GOP nominee for Pennsylvania governor posed in Confederate outfit
Driving the news: The photo, obtained by Reuters through the Freedom of Information Act, shows Mastriano at the Department of Military Strategy, Planning and Operations, where he previously worked as a professor.
- The faculty were offered the opportunity to pose as a historic figure for the photo. At least 15 of the people in the photo are seen wearing normal outfits. Mastriano is the only one in the photo seen wearing a Confederate uniform.
- The photo was taken during the 2013-14 school year during the Obama administration.
- The Pentagon issued a de facto ban on displaying the Confederate flag in 2020, per AP.
Worth noting: Mastriano currently serves a district that includes Gettysburg, which was the location of the Civil War's bloodiest battle, per the Pittsburgh Post-Gazette
What they're saying: Mastriano retweeted a statement from senior adviser Jenna Ellis, who said the state senator "apparently once posed as a civil war historical figure for a photo."
- "The left wants to erase history," she said. She then invited Reuters "to go on a Gettysburg tour with Doug. You’ll learn a lot!"
- Mastriano's office did not immediately respond to Axios' request for comment.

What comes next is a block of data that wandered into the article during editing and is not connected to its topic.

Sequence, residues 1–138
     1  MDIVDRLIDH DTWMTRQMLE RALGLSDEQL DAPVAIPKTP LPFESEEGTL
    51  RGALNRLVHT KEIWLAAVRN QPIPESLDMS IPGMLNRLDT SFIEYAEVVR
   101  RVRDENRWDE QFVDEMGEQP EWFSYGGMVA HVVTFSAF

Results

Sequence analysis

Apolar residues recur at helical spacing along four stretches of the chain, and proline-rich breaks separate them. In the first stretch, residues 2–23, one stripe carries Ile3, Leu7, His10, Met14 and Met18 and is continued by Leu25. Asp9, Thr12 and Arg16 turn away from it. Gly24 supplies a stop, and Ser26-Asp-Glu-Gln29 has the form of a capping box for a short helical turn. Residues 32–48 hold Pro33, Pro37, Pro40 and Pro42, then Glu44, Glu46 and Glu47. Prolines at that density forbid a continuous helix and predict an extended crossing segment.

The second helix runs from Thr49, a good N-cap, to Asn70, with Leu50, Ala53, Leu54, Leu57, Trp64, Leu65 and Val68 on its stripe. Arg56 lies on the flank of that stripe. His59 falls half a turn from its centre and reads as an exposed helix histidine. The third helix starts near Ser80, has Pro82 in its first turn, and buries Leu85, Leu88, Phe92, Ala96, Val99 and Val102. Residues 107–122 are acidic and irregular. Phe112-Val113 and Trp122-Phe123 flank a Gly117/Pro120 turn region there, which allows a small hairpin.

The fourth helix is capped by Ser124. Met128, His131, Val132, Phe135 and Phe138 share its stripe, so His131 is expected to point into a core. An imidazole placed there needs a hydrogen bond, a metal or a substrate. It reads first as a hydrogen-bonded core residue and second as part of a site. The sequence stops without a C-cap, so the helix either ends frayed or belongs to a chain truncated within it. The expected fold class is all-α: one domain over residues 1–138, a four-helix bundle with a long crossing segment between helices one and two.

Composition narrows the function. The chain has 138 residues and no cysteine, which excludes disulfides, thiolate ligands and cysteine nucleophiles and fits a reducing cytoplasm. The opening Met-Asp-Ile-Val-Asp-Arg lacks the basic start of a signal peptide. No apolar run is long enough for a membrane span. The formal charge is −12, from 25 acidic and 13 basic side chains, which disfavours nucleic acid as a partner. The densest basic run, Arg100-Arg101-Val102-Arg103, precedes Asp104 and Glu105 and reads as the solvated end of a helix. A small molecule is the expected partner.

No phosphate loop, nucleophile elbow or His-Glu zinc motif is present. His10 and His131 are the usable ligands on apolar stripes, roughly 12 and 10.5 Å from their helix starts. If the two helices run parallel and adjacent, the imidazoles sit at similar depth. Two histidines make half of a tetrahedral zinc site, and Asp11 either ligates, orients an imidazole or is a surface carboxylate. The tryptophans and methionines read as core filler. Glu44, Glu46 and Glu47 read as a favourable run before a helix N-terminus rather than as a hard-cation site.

Army War College said it removed the photo from its wall after Reuters reached out, per CNN.
- "The faculty photo did not get the team's attention; the photo has since been removed because it does not meet AWC values," the college told Reuters.
Context: Mastriano "has attempted to moderate his firebrand conservative tone for November’s general election," the Pittsburgh Post-Gazette reports. "But he has a long digital and paper trail of making controversial statements that come back to haunt his campaign."
- Mastriano was on the U.S. Capitol grounds on Jan. 6, 2021, per Axios Philadelphia. He appeared before the Jan. 6 committee but his interview was cut short.
Editor's note: This story has been corrected to say Pennsylvania GOP candidate Doug Mastriano was on the U.S. Capitol grounds on Jan. 6, 2021, not Jan. 6, 2022.